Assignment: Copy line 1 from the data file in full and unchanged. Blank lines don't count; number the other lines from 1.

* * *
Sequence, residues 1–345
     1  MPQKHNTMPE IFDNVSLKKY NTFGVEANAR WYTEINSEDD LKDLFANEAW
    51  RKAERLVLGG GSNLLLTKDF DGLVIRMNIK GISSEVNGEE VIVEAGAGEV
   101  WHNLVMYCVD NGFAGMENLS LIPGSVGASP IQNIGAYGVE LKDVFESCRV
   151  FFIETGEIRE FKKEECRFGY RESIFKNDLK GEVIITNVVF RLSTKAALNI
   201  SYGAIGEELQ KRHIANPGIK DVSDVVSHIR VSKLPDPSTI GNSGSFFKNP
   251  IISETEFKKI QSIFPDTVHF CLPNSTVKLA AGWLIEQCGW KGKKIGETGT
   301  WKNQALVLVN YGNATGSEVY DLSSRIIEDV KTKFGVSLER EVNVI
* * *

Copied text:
Sequence, residues 1–345